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If you are of a certain age—and who isn't?—you may remember a day when there was no such thing as one-stop-and-shop. If you wanted bread, you went to a bakery; you wanted ice, you waited for the ice-man to come to you; a pickle, you went to the pickle person. And sometimes even the pickle person came to you! (Don't tell me they never existed; I have sold pickles out of a barrel, door-to-door!) Naples now has as many gigantic superstores as anywhere else, but there are any number of books about the Naples of old that describe the professions of old. Some of these jobs no longer exist, and some do. I found these delightful drawings on the backs of a series of "Tombola" cards (a kind of Italian Bingo).
The Cicerone. That was the name of the Italian profession and was, as well, used in English. The Oxford English Dictionary has the first English citation from 1726: "It surprised me to see my cicerone so well acquainted with busts and statues of all the great people of antiquity" and then adds, "...our English quotations are earlier than any given in the Italian dictionaries." (That is interesting, since the English word is Italian. Cicerone is simply the modern Italian name for the Roman orator, Cicero. Where English uses the straight Latin nominative case for most Roman names ending in 'o'—Cicero, Plato, Nero—modern Italian truncates the Latin accusative case of Ciceronem, Platonem, Neronem and winds up with Cicerone, Platone, Nerone.) Cicero, obviously, was used out of deference to his fabled learning and oratory skills. He might be pleased (or puzzled) to know that today his name means "tour guide."
The card indicates that this is a "cicerone" from Pozzuoli. It would have been his job to show visitors the solfatara and the Roman ruins of Baia and Pozzuoli (such as the great Flavian amphitheater). Obviously, the profession still exists, especially at large tourist attractions such as Pompeii. Today, people simply say "guida"—guide, although there still exists the expression, "fare il cicerone"—to act as a tour guide.
The Puppeteer. The card
is labelled ' Bagatelle'. That is strange
usage and seems to be a description of, rather
than the name of, the profession; that is,
trifling, of little import. etc. The
legitimate Italian name for the profession is
Burattinaio, from burattino—puppet. Strangely
enough, I have seen puppet shows even in this
age of television, computer games, and
wall-to-wall electronic gimcrackery. The scene
is usually a Sunday morning in a park where
parents still take their kids out for a
stroll. Maybe puppet shows are so "retro" that
the novelty is entertaining (much like
dial-phones and LP's!), but the young children
seem to enjoy the show. In this particular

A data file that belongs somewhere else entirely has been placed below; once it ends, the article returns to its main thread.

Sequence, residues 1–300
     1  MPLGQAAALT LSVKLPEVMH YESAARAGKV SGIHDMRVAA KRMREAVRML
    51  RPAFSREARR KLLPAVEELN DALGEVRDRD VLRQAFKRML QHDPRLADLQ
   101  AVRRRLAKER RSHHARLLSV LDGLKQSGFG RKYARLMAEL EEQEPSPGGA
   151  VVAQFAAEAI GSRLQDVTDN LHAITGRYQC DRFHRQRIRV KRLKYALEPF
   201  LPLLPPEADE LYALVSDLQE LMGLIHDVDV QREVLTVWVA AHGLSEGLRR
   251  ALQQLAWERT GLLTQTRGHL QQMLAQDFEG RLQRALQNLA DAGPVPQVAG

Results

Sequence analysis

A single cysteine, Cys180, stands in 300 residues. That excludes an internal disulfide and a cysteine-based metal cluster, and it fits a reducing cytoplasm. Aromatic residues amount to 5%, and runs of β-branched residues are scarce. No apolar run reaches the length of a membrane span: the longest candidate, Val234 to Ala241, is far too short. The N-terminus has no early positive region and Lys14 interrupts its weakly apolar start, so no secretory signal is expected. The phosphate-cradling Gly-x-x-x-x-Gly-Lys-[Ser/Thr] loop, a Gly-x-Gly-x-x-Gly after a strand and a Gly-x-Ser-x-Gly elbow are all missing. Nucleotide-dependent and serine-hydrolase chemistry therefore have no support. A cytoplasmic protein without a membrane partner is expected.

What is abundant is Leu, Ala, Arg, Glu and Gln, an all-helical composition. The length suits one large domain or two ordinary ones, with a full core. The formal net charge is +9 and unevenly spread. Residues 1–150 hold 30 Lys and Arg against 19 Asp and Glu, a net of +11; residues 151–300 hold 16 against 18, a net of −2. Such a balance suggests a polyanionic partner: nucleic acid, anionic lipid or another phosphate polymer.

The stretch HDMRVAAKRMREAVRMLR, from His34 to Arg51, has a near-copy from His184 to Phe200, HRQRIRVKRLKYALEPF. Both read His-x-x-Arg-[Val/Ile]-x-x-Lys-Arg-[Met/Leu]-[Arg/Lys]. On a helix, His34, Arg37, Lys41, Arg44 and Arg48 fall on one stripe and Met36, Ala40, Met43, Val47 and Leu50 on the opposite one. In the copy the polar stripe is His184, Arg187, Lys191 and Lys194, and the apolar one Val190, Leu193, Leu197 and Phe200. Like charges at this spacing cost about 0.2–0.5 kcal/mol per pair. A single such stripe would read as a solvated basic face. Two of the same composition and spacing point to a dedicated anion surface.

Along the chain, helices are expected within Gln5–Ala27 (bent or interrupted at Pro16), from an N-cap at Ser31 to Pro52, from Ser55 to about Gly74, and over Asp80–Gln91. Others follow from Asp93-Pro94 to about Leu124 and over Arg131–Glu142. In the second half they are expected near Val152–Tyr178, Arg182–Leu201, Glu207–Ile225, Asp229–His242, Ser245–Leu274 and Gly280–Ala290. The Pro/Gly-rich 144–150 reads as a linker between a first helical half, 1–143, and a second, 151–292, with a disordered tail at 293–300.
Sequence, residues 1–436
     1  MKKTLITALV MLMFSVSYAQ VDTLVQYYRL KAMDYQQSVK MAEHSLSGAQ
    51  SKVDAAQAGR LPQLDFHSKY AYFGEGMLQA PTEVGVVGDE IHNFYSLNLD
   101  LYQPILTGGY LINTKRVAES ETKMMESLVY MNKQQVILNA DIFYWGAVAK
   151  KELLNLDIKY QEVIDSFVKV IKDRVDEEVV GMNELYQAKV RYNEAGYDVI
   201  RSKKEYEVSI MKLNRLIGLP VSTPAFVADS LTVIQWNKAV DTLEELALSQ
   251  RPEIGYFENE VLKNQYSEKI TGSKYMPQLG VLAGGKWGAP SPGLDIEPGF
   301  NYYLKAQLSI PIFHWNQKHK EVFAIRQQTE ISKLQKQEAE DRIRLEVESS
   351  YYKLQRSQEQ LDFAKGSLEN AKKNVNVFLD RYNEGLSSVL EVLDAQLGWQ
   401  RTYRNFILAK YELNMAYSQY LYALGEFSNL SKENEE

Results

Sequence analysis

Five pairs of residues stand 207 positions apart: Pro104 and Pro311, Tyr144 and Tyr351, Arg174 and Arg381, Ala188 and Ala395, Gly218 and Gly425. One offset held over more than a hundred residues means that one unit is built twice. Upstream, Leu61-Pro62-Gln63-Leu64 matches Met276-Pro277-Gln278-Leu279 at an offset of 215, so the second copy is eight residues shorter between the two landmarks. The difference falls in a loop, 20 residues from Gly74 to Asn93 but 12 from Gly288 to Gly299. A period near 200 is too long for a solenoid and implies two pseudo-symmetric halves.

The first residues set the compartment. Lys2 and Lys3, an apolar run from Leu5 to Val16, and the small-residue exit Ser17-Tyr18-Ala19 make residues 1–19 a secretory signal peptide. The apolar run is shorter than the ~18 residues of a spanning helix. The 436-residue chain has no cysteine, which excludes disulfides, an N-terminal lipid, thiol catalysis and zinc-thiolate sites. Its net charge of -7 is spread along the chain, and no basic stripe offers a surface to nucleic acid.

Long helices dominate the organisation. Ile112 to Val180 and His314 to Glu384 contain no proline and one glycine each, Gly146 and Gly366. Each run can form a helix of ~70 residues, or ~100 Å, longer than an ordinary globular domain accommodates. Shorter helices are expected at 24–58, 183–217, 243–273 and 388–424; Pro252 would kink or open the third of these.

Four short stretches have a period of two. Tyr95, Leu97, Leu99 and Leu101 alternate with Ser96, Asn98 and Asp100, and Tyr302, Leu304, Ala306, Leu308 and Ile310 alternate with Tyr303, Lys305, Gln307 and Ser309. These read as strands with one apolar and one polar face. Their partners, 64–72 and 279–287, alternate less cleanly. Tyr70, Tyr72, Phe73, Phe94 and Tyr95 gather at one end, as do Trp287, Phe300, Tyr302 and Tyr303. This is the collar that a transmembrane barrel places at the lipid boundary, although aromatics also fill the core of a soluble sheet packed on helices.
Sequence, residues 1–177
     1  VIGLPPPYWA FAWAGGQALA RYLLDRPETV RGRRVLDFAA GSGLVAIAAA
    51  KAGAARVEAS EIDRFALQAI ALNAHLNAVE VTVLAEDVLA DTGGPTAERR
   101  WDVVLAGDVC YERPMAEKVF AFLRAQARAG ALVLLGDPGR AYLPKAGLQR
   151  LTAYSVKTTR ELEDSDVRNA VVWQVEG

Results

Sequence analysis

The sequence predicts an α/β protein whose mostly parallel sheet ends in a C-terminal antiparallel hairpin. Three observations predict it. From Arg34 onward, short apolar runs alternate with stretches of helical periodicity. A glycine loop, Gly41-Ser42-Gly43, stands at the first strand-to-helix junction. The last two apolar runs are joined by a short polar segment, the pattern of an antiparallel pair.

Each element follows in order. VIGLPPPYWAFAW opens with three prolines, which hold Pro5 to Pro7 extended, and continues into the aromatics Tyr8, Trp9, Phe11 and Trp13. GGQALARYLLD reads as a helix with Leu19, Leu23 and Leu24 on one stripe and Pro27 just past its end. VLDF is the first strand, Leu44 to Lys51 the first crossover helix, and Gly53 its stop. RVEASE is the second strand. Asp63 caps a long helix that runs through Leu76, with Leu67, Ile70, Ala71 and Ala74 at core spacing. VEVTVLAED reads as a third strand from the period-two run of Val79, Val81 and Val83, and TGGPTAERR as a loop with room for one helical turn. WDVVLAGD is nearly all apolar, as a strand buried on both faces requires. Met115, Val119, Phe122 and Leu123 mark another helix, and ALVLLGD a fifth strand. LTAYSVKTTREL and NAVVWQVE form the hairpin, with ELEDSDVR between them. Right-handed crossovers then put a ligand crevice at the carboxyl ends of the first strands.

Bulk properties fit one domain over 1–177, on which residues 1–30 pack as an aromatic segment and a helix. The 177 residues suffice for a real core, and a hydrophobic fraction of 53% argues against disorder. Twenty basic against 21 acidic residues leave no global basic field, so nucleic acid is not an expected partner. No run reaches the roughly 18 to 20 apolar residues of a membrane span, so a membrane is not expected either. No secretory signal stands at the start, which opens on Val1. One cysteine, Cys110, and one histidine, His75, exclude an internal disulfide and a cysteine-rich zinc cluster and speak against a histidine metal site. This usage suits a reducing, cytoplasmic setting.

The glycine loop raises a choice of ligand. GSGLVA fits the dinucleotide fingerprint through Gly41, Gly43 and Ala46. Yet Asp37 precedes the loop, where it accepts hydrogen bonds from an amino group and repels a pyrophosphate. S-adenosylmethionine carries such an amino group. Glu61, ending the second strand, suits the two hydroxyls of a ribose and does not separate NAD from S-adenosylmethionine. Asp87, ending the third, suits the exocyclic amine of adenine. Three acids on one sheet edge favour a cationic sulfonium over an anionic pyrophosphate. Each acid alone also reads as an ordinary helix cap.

drawing, the puppet being held up looks like
the Neapolitan iconic character, Pulcinella, which
name is the source of the English term "Punch"
in, appropriately, the "Punch and Judy" shows—puppet shows.
The Wetnurse. The Italian label is nutrice"—a woman who nourishes. In this age of synthetic baby formula, this is one profession that has gone out of fashion. They were also very expensive, since the family that hired one was expected to provide the woman with clothing and upkeep for the time her services were required. Technically, nutrice might have referred to "wet" and "dry," the latter service being little more like a nanny or even full-time baby-sitter. (That appears to be the case in this drawing, although maybe the woman is just taking a break.)
An elderly woman informed me that she remembers cases of these women in her village virtually abandoning their own children to seek lucrative employment in the big city as wetnurses; then she used a not-very-nice word. I can neither confirm nor gainsay any of that. (I had just asked if the women took adult customers! That set her off.)
The Zampognari. There is no one-word translation. It means, "The musicians who come around at Christmas time"; one of them plays the ciaramella (a double-reed folk oboe, in the foreground in this drawing) and the other plays the Neapolitan bagpipes, called the zampogna.
These musicians are still quite common at Christmas in Naples. In some cases they don't even look much different than the two in the drawing, since rustic garb is part of symbolizing the shepherds in the Gospel of Luke who received the "good tidings of great joy" and then went forth to "glorify and praise God for the things that had heard and seen." It comes as a surprise to many to learn that the bagpipes are traditional in many places in the world outside of Scotland, including southern Italy. The zampognari generally play only one song, a Neapolitan dialect carol entitled Quanno Nascette Ninno (When the Child was born); it is the original minor-key version of Tu scendi dalle Stelle, the most popular of all Italian Christmas songs. Today these musicians are "buskers" (street musicians) and expect you to give them some more tangible form of "good tidings."
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